DAIRY SCIENCE SECTOR OPENS DOORS TO PUBLIC WITH DRONES, SOIL SENSORS, AND SMARTPHONE APPS FOR KEEPING TRACK OF COWS | VistaMilk

 

 

 

 

Hi-tech grass imaging ‘dairy drones’, soil sensors, and apps which monitor the behaviour of cows will be among the ground-breaking research on display next month when the cream of Ireland’s dairy science sector open their doors to the public.

Moorepark Open Day 2023 will provide an opportunity for visitors to experience first-hand the technologies and practices that are helping farmers secure a sustainable future for the Irish dairy industry.

The event – which takes place on July 4th at Teagasc, Moorepark, Fermoy, Co Cork –  is a firm favourite with dairy farmers and processors, their families, and those working in other agri-food sectors.

Researchers from the VistaMilk SFI Research Centre will be among those showcasing their work. This will include experiments showing how DNA can be used to identify microbacteria in soils, and how drones equipped with grass imaging technology can help farmers identify the best fields for grazing.

There will be interactive demonstrations on sensor technology, such as how sensors are used to measure soil nitrate content, the moisture and composition of grass, animal glucose levels, and milk heat stability – and how farmers can use their smartphone to keep track of the amount of time their cows spend grazing and resting. The sensor technology being developed by VistaMilk researchers is led by Alan O’Riordan, Senior Research Fellow at the Tyndall National Institute.

Moorepark Open Day will showcase the best of Irish dairy research from organisations under the Teagasc umbrella. The dedicated VistaMilk area will have teams sharing their expertise in the four key areas of research and impact where the organisation identifies challenges and solves problems for the dairy industry – soil, pasture, cow, and food.

Researchers will present VistaMilk’s work on the benefits of adding clover to pasture to reduce nitrogen and the advantages of multi-species swards compared to perennial ryegrass.  Deirdre Hennessy, lecturer in Sustainable agriculture in UCC and funded investigator in VistaMilk, and other researchers will be in the Grassland village at the Open Day to answer questions from visitors.

In the area of animal welfare, senior researcher Emer Kennedy will present data on the effect of feeding milk with antibiotic residues to calves, and advice on assessing cow and calf welfare on farms, including by monitoring behaviour before weaning.

There will be information from VistaMilk PhD student Elia Dufosse about breeding programmes that are producing more nitrogen efficient cattle, including how GreenFeed machines are being used to accurately measure methane emissions from the national herd and use that data to identify genetically lower emitting animals.

John Tobin, Head of Food Chemistry and Technology, will be the resident milk expert, covering the effects of seasonality on the production of milk and dairy products, and the impact of cow genetics on changing milk proteins.

There will be plenty of fun, educational experiences on offer for younger visitors – including the opportunity to make your own cream, a demonstration of how milk is digested in our stomach, and a poster-colouring competition for primary school children.

Those considering a career in agri-science will be able to get careers advice and information about participating in the VistaMilk Transition Year programme from Elena Hayes, VistaMilk’s Education and Public Engagement Manager.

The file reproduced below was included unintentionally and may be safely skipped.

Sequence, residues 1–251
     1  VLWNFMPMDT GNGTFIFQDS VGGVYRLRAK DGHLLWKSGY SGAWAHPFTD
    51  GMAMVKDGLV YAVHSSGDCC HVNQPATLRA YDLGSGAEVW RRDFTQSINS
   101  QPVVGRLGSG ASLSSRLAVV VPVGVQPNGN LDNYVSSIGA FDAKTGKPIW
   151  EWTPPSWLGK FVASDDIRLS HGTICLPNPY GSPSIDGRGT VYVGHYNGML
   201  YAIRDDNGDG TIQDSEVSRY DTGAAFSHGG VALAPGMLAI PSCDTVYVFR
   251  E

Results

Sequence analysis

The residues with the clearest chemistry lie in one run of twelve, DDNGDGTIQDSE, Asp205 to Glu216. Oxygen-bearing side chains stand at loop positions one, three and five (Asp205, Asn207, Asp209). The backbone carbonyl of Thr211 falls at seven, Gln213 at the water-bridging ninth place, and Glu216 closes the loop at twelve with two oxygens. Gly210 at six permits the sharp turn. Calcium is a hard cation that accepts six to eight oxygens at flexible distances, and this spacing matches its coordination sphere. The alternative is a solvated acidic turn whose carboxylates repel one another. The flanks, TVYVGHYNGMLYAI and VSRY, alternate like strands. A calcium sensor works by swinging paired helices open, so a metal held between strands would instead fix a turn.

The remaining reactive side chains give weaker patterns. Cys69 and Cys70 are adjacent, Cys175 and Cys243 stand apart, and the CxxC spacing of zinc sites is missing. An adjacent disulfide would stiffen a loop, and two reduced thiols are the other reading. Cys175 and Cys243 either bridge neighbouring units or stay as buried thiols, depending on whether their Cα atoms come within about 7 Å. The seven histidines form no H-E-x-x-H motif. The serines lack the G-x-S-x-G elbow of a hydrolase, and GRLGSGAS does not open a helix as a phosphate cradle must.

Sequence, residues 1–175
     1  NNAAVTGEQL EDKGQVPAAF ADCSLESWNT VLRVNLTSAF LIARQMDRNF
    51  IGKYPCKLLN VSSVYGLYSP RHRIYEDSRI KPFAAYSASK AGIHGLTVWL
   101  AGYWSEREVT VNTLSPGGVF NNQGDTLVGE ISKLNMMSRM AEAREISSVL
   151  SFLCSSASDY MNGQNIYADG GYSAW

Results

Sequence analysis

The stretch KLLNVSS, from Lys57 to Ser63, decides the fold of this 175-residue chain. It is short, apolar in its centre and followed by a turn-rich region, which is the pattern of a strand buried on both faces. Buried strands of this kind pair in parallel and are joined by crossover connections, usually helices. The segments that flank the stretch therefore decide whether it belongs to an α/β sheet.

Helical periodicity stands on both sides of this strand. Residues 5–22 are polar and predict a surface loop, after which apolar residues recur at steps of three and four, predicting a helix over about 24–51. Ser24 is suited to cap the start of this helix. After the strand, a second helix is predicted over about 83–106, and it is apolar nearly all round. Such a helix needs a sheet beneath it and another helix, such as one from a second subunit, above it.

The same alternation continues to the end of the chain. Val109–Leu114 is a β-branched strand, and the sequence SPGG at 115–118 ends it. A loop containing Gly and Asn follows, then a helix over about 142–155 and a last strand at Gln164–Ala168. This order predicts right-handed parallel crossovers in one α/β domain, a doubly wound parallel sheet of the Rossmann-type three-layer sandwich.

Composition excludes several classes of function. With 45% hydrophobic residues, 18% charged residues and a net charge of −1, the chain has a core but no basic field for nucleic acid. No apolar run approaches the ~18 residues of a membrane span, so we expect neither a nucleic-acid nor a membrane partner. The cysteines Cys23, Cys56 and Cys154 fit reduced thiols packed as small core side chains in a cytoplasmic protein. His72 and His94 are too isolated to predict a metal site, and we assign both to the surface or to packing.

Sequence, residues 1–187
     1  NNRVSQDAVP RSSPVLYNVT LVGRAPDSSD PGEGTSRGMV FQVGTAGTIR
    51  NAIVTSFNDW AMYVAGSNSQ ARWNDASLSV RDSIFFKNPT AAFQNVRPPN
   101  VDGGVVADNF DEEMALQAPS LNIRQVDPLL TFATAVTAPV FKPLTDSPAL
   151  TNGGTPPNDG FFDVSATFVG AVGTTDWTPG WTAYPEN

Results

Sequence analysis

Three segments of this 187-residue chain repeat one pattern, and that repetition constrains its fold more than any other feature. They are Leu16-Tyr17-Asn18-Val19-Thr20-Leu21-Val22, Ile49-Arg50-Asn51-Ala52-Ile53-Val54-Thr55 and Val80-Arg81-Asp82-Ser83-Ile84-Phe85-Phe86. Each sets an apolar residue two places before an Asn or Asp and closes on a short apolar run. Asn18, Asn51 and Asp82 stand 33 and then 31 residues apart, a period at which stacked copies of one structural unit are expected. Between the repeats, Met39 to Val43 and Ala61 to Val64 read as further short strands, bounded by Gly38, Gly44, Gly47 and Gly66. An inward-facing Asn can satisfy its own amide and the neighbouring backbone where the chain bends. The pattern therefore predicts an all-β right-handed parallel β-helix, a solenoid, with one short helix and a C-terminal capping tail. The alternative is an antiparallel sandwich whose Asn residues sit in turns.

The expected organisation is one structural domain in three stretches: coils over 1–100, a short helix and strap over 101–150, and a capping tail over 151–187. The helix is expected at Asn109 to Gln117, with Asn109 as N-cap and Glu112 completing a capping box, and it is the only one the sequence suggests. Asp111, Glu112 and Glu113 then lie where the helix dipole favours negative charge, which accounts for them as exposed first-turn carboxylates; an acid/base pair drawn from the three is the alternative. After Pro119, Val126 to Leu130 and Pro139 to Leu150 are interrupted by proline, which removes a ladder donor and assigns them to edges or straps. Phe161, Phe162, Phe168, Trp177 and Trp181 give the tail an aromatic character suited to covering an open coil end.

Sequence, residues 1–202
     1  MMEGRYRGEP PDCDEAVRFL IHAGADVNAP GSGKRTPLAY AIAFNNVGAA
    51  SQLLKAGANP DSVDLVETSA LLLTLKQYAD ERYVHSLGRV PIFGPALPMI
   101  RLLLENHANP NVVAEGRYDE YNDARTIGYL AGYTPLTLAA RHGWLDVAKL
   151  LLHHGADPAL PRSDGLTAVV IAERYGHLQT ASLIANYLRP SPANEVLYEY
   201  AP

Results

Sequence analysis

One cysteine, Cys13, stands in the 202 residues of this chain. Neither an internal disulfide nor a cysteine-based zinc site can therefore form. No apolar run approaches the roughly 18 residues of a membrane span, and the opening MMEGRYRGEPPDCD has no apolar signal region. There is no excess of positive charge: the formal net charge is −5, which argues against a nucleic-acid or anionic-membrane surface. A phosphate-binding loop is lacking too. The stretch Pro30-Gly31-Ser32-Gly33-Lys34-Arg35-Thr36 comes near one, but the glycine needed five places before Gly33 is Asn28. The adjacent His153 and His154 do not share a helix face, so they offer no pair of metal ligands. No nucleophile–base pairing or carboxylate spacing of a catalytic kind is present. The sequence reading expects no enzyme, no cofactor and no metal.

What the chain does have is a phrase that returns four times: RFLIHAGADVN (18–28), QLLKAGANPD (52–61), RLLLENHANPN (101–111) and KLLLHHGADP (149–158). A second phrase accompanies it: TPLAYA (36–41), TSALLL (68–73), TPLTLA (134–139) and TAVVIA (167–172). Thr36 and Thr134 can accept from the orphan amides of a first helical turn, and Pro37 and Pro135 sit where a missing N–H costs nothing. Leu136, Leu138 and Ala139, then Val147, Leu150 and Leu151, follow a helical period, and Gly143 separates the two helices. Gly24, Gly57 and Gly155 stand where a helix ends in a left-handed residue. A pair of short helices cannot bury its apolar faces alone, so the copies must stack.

VistaMilk Director Donagh Berry said: “Moorepark Open Day is a fun and engaging way for dairy farmers, other agri-food sector workers, and the general public to experience first-hand the technologies and practices that are being developed to underpin the economic, environmental, and social sustainability credentials of Irish dairy farms”.

“VistaMilk is uniquely placed to provide insight and expertise on how science is helping to address the most important challenges facing the dairy industry in Ireland, such as increasing biodiversity, reducing emissions, and carbon sequestration”.

“Visitors will also have an opportunity to meet the VistaMilk researchers and industry partners who are helping to drive progress in a sector that is worth €6.8bn to the Irish economy annually.”

Follow this link for more information about Moorepark Open Day 2023.

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For further information:

Jeremy Probert | 4TC | jeremy@4tc.ie | (+353) (0)89-700-0792

Craig McKechnie | 4TC | craig@4tc.ie | (+353) (0)87-621-8839

 

Notes to Editors:

VistaMilk SFI Research Centre

Established in 2018, the VistaMilk SFI Research Centre identifies challenges and solves problems for the Irish dairy sector in four specific areas – soil, pasture, cow, and food. VistaMilk is a unique collaboration between Agri-Food and information communications technology (ICT) research institutes and leading Irish/multinational food and ICT companies. It is funded by Science Foundation Ireland (SFI) and the Department of Agriculture Food and the Marine (DAFM).

Through strategic collaboration and co-ordination, VistaMilk’s research programme provides an opportunity to acquire, analyse and act upon data to generate a range of recommendations and practical solutions to real and current issues.

VistaMilk’s access to expertise and resources makes it an authoritative voice on a range of topics facing the Irish dairy industry, including sustainability, emissions reduction, and carbon sequestration.

VistaMilk’s projects will enable Irish dairy farmers to develop the sustainable practices that will protect the 18,000 family farms, the 60,000 jobs and the more than €6bn annual economic contribution that dairy supports in this country. It will also provide consumers with the reassurance of knowing that the dairy products they buy continue to be both farmed and processed locally.